Title deeds are an essential document when buying and selling property and land. But what are title deeds? What are they used for? And why are they so important?

In this article, you’ll discover everything you need to know about house deeds.


Key Takeaways

  • Title deeds are important documents that prove past and current ownership over property and land.
  • They’re used by solicitors and conveyancers to prove the seller owns the property and has the right to sell it.
  • They’re also often used in property disputes and in divorce proceedings.
  • You are unlikely to have a paper copy of your title deeds as they’re stored digitally at HM Land Registry.
  • Title deeds show both covenants and easements.
  • You can request a copy and make changes to your title deeds.
  • The land registry receive 314,000 register updates every month and aim to process them as soon as possible.
  • You can sell a property without title deeds, but it can be a complicated process. It can also negatively affect the value of the property.
  • You can also buy a property without title deeds, but it can be expensive and risky. Your lender will also require you to take out Possessory Title Indemnity Insurance.


What Are Title Deeds?

Title deeds are a record of ownership for land and property. They don’t only prove who owns a property and land, but they also show the history of its ownership.

Besides showing a property’s history of ownership, title deeds;

  1. Show the approximate boundaries, and
  2.  State if any rights or access considerations apply

A set of title deeds can include a range of different types of documents. Some of which often surprise people. Documents include;


What Are Title Deeds Used For?

As already mentioned, title deeds prove the ownership of property and land.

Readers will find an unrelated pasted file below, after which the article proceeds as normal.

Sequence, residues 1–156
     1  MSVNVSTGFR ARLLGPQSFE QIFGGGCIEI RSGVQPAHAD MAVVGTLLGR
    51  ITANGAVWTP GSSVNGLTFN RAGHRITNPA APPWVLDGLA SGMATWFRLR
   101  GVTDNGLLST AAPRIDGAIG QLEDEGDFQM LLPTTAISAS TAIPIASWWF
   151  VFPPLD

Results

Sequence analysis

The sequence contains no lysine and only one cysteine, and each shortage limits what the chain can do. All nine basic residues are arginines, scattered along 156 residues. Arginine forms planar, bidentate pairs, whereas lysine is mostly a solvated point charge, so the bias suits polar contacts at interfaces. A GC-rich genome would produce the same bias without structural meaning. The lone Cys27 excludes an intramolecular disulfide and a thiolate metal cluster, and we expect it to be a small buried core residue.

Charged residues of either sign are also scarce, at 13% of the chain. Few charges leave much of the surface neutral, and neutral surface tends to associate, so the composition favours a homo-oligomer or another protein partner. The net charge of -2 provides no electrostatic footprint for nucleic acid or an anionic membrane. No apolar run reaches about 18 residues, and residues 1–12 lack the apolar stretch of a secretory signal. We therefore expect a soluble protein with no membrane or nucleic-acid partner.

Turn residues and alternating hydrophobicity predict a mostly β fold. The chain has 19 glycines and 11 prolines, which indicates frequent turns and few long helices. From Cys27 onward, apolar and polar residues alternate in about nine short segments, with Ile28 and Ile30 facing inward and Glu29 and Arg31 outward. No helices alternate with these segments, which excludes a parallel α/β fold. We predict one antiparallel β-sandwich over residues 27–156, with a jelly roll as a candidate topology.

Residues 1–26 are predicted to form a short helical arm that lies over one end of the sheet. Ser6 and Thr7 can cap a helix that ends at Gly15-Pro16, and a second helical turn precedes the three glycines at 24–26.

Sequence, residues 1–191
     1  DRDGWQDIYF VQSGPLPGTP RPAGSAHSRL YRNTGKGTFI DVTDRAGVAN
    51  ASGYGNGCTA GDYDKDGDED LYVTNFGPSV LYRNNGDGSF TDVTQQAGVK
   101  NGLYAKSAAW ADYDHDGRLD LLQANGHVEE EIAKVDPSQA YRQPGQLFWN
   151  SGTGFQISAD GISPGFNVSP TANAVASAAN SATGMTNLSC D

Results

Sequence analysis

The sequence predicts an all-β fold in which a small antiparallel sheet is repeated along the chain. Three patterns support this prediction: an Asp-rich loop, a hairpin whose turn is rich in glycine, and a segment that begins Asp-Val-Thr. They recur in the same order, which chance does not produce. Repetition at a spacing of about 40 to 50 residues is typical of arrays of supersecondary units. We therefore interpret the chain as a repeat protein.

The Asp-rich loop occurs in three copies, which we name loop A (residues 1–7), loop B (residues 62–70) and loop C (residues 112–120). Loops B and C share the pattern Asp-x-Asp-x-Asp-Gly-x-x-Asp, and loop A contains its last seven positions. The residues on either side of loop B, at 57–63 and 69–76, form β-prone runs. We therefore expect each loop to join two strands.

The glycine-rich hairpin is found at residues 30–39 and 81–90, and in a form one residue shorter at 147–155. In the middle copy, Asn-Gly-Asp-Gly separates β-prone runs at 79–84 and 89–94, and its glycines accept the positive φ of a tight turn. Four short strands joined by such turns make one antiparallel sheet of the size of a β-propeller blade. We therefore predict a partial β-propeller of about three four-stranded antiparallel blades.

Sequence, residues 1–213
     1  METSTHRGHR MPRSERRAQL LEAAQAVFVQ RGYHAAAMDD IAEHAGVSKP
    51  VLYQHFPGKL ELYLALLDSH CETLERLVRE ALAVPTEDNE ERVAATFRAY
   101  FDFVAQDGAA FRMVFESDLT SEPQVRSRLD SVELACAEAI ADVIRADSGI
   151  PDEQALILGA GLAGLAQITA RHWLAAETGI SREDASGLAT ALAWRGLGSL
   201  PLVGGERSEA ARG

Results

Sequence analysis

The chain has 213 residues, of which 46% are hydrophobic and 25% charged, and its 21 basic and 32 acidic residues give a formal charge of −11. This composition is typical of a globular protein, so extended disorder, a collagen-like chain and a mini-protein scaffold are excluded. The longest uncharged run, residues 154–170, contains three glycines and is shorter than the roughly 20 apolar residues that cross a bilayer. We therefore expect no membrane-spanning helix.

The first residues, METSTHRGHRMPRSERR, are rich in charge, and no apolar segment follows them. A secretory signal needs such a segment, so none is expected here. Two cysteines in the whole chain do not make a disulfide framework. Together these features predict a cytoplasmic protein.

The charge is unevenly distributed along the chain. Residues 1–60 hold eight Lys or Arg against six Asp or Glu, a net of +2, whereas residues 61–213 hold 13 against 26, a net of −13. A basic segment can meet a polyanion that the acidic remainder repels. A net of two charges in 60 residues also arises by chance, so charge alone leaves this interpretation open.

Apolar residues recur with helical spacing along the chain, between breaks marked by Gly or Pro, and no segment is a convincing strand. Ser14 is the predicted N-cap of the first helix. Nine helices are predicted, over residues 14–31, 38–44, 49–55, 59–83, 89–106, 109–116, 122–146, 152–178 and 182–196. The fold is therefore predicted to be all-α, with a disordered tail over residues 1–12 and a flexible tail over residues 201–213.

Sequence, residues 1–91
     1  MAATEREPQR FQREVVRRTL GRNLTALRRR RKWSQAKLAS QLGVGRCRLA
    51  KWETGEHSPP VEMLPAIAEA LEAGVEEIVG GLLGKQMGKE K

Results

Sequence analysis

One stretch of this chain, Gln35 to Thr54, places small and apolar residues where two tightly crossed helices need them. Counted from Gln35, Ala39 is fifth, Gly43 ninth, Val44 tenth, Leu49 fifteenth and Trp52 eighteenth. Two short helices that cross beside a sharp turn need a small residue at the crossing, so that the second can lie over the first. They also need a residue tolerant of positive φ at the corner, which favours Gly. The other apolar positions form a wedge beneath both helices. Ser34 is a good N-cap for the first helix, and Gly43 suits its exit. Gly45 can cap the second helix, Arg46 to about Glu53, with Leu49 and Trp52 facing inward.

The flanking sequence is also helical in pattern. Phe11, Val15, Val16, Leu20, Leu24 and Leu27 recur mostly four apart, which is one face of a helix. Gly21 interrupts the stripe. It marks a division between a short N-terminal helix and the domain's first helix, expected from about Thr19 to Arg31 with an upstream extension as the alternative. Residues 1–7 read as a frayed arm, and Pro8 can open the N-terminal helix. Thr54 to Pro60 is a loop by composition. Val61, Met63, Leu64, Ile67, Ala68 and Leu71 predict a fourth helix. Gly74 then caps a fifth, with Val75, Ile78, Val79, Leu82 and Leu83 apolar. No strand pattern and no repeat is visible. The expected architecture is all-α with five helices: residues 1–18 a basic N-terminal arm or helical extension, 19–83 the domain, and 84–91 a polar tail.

This is most often needed during the sale process. When selling a property, your solicitor will request copies and provide them to the buyers conveyancers. They will review them to make sure you are the legal owner of the property as you say you are.

However, they’re often needed to help resolve legal issues like boundary disputes and right of way.

Title deeds are sometimes needed in divorce proceedings. They establish how a shared property is owned.


What Do Title Deeds Look Like?

In the past, a set of title deeds were collections of hand-written legal documents. However, this is no longer the case.

Since the introduction of the Law of Property Act 1925, title deeds have been typed.

You are unlikely to see a physical paper of copy of your title deeds. You no longer need to have them yourself when you buy a house or sell a property to someone else.

That said, if you have paper copies of title deeds, it might be worth keeping them. They might contain information about a property that is otherwise hard to find.


Who Holds the Title Deeds?

Today, the HM Land Registry stores them digitally as scanned documents. So that’s the first place to look.

The registration of residential property became mandatory in 1990. So if the property has been sold since then, the Land Registry will have digital copies.

However, if a property has remained in the same hands since 1990, then chances are, the original paper copies haven’t been scanned and stored.


Can I Get a Copy of My Title Deeds?

Yes. You can request a copy of your title deeds from the HM Land Registry.

The Law of Property Act 1988 allowed the public to access copies of a property’s title register without the knowledge or consent of its owners. The title register is a summary of the title deed.

If you need a specific document, you will need to fill in a Deeds Request Form. To do this you need to support your application with documents that prove your history with the property.

However, if you’re buying or selling a property or land, your solicitor will handle this for you.


Do Title Deeds Show Covenants?

Covenants are normally recorded in the title register. Supporting documents make up part of the title deed itself.